'Hell!' said a voice which set her heart beating by its unexpected familiarity, 'have I hurt you? Me all over - bargin' and bumpin' about like a bumble-bee in a bottle. Clumsy lout! I say, do say I haven't hurt you. Because, if I have, I'll run straight across and drown myself in Mercury.'
He extended the arm that was not supporting Harriet in a vague gesture towards the pond.
'Not in the least, thank you,' said Harriet, recovering herself.
'Thank God for that. This is my unlucky day. I've just had a most unpleasant interview with the Junior Censor. Was there anything breakable in the parcels? Oh, look! your bag's opened itself wide and all the little oojahs have gone down the steps. Please don't move. You stand there, thinkin' up things to call me, and I'll pick 'em all up one by one on my knees sayin' "meā culpā" to every one of 'em.'
He suited the action to the words.
'I'm afraid it hasn't improved the meringues.' He looked up apologetically. 'But if you'll say you forgive me, we'll go and get some new ones from the kitchen - the real kind - you know - speciality of the House, and all that.'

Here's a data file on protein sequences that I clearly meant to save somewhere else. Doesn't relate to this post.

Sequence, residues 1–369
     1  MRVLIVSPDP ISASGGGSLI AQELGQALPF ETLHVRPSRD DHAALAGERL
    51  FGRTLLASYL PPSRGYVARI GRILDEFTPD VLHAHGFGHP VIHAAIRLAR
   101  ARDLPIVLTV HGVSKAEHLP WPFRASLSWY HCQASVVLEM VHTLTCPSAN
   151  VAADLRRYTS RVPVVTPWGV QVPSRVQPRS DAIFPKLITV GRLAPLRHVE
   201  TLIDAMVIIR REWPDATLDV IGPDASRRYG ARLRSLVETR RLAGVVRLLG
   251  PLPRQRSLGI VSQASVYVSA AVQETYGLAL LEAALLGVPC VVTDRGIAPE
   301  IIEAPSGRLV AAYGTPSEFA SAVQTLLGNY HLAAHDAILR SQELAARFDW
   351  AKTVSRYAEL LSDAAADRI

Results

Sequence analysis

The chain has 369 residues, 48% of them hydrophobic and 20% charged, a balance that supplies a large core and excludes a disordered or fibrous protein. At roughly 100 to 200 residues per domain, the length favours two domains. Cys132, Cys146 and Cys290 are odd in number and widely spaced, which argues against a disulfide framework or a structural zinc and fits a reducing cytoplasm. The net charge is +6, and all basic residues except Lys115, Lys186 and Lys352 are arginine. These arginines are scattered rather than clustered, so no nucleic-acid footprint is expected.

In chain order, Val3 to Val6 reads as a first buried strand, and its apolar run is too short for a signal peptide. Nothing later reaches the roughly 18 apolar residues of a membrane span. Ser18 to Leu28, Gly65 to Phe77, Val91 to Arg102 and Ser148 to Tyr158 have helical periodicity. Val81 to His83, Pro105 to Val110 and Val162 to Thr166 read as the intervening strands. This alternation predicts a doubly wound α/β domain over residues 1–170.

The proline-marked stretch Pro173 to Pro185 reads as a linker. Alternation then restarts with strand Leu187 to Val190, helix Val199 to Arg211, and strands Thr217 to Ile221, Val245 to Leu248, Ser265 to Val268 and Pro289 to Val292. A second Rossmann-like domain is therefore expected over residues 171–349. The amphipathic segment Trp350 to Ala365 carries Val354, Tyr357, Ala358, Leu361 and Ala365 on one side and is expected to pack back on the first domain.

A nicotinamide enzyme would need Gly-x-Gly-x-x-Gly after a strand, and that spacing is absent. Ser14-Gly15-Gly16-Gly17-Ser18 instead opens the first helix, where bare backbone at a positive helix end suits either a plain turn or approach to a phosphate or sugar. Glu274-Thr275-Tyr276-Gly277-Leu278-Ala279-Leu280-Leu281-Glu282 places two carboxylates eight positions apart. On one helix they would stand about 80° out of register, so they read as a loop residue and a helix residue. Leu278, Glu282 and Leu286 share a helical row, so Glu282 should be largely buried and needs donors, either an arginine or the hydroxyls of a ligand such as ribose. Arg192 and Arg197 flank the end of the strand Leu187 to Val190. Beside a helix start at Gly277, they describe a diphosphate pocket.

'Please don't bother,' said Harriet.
It wasn't he, of course. This was a lad of twenty-one or two at the most, with a mop of wavy hair tumbling over his forehead and a handsome, petulant face, full of charm, though ominously weak about the curved lips and upward-slanting brows. But the colour of the hair was right - the pale yellow of ripe barley; and the light drawling voice, with its clipped syllables and ready babble of speech; and the quick, sidelong smile; and above all, the beautiful, sensitive hands that were gathering the 'oojahs' deftly up into their native bag.
'You haven't called me any names yet,' said the young man.
'I believe I could almost put a name to you,' said Harriet. 'Isn't it - are you any relation of Peter Wimsey's?'